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Job Search and Informational Interviews

Job interviews can be terrifying! Many people believe there is little you can do before an interview to prepare, but in fact there are plenty of ways to be the best you can be on the day.

Informational interviews are conducted when you want to know more about an industry or area of work, and you contact a person who is doing a job that you would like to learn more about. 

For more information, see the following handout.


Informational Interview handout.pdfInformational Interview handout.pdf

More on Interviews​
Before your Interview
Contact the Human Resources department and ask for a job description and find out as much as you can about the interview format.  Get to know the organization by visiting the company’s web site, obtaining information about industry trends, reading related newspaper articles, talking to employees, etc.  Then assess your skills and abilities (ask a friend or co-worker what they perceive as your strengths and weaknesses). 

Practice typical interview questions by finding examples on-line (look for behavioral type questions on Google).  Usually interview questions ask you to:

  • Describe your skills, education and experience and how they relate to the requirements of this position.
  • What are your greatest strengths and weaknesses?
  • Why did you apply for this job and why should we hire you?
  • Give an example of a problem that you faced in your work experience and how you solved it.
Being Interviewed
First impressions are important — pay attention to dress and grooming.  Be on time, act confidently and be pleasant to everyone.  Try to avoid nervous habits (do not hold a pen).  Let the interviewer set the tone – formal or informal.  It is good to bring a copy of your résumé and use it as a reference to jog your memory about important points. 
Stay on topic when answering questions — take the time to think about your answer by writing out the question on a piece of paper before answering.  Be sure to relate your education, skills and experience as needed based on the question asked.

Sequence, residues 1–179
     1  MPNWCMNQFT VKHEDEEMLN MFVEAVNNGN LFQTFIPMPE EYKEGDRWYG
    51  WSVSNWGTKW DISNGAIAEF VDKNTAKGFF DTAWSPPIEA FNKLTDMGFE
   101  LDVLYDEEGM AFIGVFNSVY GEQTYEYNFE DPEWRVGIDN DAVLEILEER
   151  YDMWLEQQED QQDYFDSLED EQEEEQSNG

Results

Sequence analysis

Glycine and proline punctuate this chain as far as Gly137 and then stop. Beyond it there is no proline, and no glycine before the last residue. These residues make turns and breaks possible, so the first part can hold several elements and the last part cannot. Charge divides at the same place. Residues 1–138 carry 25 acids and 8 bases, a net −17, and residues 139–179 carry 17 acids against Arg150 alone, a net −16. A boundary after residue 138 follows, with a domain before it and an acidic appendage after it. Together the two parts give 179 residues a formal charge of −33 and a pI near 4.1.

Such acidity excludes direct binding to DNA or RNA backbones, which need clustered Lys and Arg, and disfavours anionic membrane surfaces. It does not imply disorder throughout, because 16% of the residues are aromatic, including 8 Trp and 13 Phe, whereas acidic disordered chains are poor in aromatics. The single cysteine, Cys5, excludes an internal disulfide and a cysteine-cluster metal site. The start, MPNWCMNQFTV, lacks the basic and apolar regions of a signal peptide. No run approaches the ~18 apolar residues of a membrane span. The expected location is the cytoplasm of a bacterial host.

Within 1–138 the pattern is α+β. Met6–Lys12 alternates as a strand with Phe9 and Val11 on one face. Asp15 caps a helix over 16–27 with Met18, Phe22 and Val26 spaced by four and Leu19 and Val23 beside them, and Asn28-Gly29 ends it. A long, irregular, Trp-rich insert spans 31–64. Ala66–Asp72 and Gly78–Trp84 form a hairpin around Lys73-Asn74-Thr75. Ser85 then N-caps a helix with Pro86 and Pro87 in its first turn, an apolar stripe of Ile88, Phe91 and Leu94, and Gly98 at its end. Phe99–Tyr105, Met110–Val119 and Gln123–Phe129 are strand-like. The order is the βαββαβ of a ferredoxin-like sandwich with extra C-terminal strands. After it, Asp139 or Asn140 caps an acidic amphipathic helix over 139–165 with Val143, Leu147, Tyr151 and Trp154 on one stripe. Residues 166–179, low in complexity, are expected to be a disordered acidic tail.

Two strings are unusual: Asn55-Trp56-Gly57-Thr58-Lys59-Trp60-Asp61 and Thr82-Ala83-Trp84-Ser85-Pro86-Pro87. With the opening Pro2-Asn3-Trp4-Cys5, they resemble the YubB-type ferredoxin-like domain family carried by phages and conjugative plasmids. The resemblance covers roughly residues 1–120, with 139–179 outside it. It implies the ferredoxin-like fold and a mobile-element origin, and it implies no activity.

If asked behavioral-based questions, use the S.T.A.R. method to respond:
S: (explain what your responsibility was - or predicament)

T: (outline what steps you saw as necessary for success)

A: (describe how you made a decision and who you included)

R: (were you successful?  Did you accomplish your goals?)
Lastly, always ask questions when given an opportunity — the interview is also a chance for you to get to know the company better.  This is also your opportunity to show that you know what the job is and to find out more details as to what you might be doing. 
After the Interview
Think about your performance in the interview so you will learn, for example, what to avoid/improve on.
If you are not chosen for the position, ask for feedback as it might help you learn where you can improve.  However, be prepared for a generic or vague response.  Nevertheless, the more practice and more interviews you have, the better your performance will become.

A Note about References
References only comes into play after the interview.  References should always be a supervisor or someone who had the authority to fire or fail you. 
Include at least two-three references. 

Bring to an interview a listing of your references that includes their names, positions, company, address, and contact information (phone, e-mail, work address) and a short description of your relationship to them (supervisor, co-worker, etc.).


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